Is everything fine with the Emission Reduction Fund?

We just started a new year and most of us were in a summer holiday slumber when the news about the publication of the Review of Australian Carbon Credit Units (ACCUs) came. The Review was conducted by an eminent, independent panel, and found that by-and-large the ACCUs generated under the Emissions Reduction Fund (ERF) are credible, and have in fact resulted with reduction of emissions. In some ways this is a good outcome, as one can only imagine the disgrace and the international shame and ridicule Australia would have copped had the conclusions of the Review been something else.

Nevertheless, not everything is fine with the ERF, and this is evident in the report of the Review itself. In particular, Recommendation 9 of the Review states that ‘No new project registrations be allowed under the current avoided deforestation method’ and cites difficulties with establishing real intent to clear land, which then puts in question the additionality of the generated credits. The lack of additionality was long suspected, as discussed on this blog some time ago, and Recommendation 9 of the review just cements that suspicion. This was picked by some news reports. But, what was not picked up is the extent of the problem with credits generated under avoided deforestation method that have been granted so far. ACCUs granted under the label ‘vegetation’ (read ‘avoided deforestation’) make 75% of all ACCUs granted in NSW, 58% of all ACCUs granted in QLD, 41% of all ACCUs granted in WA, and 55% of all ACCUs granted nationally. So, there are lots of credits, in fact a majority of credits nationally and an absolute majority in some states, that are potentially, neigh likely, problematic when it comes to the additionality test as found by the Review itself.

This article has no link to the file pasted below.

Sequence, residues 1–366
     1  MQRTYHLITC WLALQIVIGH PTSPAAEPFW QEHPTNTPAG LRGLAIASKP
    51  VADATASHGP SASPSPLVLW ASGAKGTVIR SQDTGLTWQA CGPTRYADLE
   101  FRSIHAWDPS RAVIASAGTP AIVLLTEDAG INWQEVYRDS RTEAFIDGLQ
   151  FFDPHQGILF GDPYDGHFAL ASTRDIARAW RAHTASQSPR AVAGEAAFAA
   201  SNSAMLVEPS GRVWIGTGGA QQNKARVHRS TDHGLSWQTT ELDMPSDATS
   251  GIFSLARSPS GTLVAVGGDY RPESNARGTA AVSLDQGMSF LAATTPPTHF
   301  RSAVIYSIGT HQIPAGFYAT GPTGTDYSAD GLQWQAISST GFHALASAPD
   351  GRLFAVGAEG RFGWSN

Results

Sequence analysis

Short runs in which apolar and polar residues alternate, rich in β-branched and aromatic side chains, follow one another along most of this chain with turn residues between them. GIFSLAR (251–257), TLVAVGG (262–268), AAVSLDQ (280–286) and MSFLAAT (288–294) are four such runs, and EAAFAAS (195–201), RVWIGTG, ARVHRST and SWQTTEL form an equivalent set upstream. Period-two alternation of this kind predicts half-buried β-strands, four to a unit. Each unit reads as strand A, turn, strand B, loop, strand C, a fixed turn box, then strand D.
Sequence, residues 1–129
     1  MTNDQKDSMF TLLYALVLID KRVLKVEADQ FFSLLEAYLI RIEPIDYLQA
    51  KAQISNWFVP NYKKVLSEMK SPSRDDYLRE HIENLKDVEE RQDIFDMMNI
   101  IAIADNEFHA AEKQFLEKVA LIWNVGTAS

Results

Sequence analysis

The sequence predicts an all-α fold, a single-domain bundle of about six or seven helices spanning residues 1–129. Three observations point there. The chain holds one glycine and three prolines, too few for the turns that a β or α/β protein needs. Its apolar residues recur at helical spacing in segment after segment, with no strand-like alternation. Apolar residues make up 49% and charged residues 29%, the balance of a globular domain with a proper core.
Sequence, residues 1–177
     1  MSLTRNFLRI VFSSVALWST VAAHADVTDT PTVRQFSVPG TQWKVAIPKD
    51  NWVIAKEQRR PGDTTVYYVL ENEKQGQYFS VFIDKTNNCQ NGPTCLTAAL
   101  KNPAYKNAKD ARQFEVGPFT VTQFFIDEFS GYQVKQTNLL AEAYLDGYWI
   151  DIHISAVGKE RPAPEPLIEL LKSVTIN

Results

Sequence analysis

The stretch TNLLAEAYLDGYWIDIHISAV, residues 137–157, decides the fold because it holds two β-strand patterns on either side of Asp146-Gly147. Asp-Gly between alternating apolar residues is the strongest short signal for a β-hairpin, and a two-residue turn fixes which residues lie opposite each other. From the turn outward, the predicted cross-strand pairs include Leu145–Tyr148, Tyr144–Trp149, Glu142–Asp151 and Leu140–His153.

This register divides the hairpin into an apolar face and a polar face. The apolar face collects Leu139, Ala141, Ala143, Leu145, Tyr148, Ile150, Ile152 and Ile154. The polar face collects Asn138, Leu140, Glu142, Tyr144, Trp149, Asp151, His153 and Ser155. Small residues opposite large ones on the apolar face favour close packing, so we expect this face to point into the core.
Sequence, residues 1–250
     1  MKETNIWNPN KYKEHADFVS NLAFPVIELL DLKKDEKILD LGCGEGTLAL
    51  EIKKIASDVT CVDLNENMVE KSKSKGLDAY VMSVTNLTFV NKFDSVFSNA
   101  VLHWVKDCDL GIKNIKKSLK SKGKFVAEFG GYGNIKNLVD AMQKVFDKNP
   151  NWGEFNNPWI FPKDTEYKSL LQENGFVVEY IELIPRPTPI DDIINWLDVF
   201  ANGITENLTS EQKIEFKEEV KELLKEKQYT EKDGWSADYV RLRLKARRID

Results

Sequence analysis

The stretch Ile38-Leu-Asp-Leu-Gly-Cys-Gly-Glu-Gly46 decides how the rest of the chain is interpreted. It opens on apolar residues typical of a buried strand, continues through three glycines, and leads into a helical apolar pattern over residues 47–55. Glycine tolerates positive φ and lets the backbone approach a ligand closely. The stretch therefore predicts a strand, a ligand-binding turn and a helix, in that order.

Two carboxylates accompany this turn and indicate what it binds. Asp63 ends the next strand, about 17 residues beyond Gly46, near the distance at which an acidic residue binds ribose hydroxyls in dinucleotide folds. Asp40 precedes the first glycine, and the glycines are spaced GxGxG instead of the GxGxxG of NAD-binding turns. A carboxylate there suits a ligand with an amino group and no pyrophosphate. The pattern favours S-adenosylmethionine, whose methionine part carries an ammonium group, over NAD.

While other parts of the ERF might have been sound, we now officially know that the ‘avoided deforestation’ method has not been fine. Unfortunately, a lot of credits were generated using this method in the past. It is good that the Review has called this out, and that no new projects under this method will be allowed in the future. But this doesn’t change the fact that a lot of taxpayers’ money have gone into the pockets of wealthy landowners without commensurate reduction in emissions. This is something that the Review could’ve and should’ve raised more prominently!

Author: Tiho Ancev

Tiho Ancev is a Professor of Agricultural and Resource Economics in the School of Economics, University of Sydney. His main research areas are agricultural, environmental, natural resource and energy economics. Tiho’s main contributions have been in water economics and policy, economics of energy, economics of air pollution and climate change policies, and economics of precision agriculture and agricultural input use. He has published widely on these topics in top international peer reviewed journals. Tiho has led and contributed to national and international research projects in these research areas. He is currently the Managing Editor-in-Chief of the Australian Journal of Agricultural and Resource Economics.